Hansen : To Tip Or Not To Tip

Hansen has been warning us for years that warming will hyper-accelerate as CO2 increases.

Now the argument suddenly switches to decelerated warming and scenario B, because CO2 increments have decreasing effect at higher concentrations. This argument is needed to partially explain the failure of his 1988 forecasts.

Next week he will no doubt go back to accelerated warming as CO2 increases. Whatever story fits the needs of the current narrative.

And his faithful followers still think the Emperor is clothed.


Apparently he was just kidding about scenario A. It can’t actually happen.

About Tony Heller

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6 Responses to Hansen : To Tip Or Not To Tip

  1. Andy Weiss says:

    It appears that the shell game has been uncovered.

  2. suyts says:

    Yes, pretty soon he’ll give a one word interview, his quote will be………”Psych!!!!!”

  3. Jimbo says:

    What part of FAILED don’t these people understand? As temperatures continue to diverge they will increasingly wave their hands and shout to distract us from the reality of their failed predictions. This must be very embarrasing for Dr. Hansen.

    • Dave N says:

      When predictions fail, they change the definitions, rules, targets, etc, and say they needed to because it’s worse than they first thought.

  4. Dave G says:

    This should make their heads explode antarctic ice breakup makes ocean absorb more CO2

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    ‘Global implications for climate research’, says US gov

    By Lewis Page • Get more from this author

    Posted in Environment, 29th March 2011 08:39 GMT

    On Demand Webcast : The realities of SaaS and security

    Some cheerful news on the climate change front today, as US government boffins report that ice breaking off the Antarctic shelves and melting in the sea causes carbon dioxide to be removed from the environment. This powerful, previously unknown “negative feedback” would seem likely to revise forecasts of future global warming significantly downwards.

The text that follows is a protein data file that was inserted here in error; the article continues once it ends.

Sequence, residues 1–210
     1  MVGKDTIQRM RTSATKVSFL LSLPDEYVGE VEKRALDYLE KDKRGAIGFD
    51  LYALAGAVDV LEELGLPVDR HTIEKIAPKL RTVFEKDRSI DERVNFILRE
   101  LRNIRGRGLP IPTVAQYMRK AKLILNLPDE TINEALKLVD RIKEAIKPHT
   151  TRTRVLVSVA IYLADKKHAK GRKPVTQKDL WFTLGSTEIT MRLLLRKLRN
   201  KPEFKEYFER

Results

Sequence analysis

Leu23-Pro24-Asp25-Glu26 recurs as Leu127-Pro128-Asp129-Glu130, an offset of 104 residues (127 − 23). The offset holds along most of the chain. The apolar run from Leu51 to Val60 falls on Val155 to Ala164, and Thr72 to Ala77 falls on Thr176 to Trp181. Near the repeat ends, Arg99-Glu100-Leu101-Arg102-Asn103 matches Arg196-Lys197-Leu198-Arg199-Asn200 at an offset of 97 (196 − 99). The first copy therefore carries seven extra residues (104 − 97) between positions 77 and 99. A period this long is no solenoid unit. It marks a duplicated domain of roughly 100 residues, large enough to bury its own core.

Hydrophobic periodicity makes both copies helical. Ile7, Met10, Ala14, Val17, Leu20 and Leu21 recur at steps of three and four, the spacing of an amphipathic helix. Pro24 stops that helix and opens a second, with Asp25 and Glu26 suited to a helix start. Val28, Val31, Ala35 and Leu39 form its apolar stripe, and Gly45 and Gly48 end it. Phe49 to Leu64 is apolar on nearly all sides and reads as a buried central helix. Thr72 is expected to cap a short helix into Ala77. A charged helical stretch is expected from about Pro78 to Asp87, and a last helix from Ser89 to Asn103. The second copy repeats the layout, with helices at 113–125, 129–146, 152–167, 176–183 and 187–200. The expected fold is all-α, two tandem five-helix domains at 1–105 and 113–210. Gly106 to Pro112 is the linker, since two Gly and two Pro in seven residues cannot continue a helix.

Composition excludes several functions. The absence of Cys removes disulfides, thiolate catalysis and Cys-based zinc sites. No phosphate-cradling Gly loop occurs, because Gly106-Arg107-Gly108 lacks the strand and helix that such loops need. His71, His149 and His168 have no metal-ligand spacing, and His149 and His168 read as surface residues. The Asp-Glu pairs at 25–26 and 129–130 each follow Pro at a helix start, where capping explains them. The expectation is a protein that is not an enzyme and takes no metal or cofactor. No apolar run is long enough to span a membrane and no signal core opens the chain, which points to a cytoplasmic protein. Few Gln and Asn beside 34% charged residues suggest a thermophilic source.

The US National Science Foundation (NSF) which funded the iceberg study, describes the results as having “global implications for climate research”.

    “These new findings… confirm that icebergs contribute yet another, previously unsuspected, dimension of physical and biological complexity to polar ecosystems,” says Roberta Marinelli, director of the NSF’s Antarctic Organisms and Ecosystems Program.

    A team of NSF-funded scientists examined the effects on an area of the Weddell Sea of a large (20 mile long) berg moving through, melting as it went and diluting the salty sea water – also adding key nutrients carried from the land. They found that after the iceberg had passed, levels of CO2 had plunged and much more chlorophyll was present. Chlorophyll is the substance in green plants which lets them suck in nasty CO2 and emit precious life-giving oxygen: in the Weddell Sea it was present in phytoplankton, tiny seagoing plantoids which are thought to account for half the carbon removed from the atmosphere globally.

    The scientists say that more and more icebergs are set to be found in the seas around the Anatarctic as more ice breaks off the shelves attached to the peninsula which reaches up from the polar continent towards South America. This should mean more phytoplankton and thus less CO2.

    The iceberg team consider that the increased number of bergs coming from the western Antarctic is the result of warming temperatures in the region, though recent research from British boffins has suggested that in fact other factors may be in play – at least in the case of the Pine Island Glacier, one of the major sources of sea ice in that area.

    If the phytoplankton-boosting effect of the bergs is as big as the NSF appears to be suggesting, however, it would seem that any carbon-driven temperature rise could be at least partly self-correcting.

    Increased iceberg shedding would seem likely to be seen mainly or only around the western peninsula: antarctic sea ice shelves elsewhere are actually growing, not shrinking, and at such a rate as to outweigh the peninsular losses. The past three decades have seen the south-polar ice sheets grow by 300,000 square kilometres overall.

    The NSF study was originally published in the journal Deep Sea Research Part II (subscription required). It was flagged up more recently in Nature Geoscience’s top picks (again, subscription link). The NSF also has a statement here. ®

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    * Climate Change
    * Global Warming
    * co2
    * Icebergs
    * Environment
    * Phytoplankton
    * Carbon
    * Antarctic
    * Melting
    * Ice Shelf

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  5. Mike Davis says:

    If anyone had bet on Hansen’s prediction in 1988 they would have lost by now. The boys do not allow a person to claim they really meant what they did not say.

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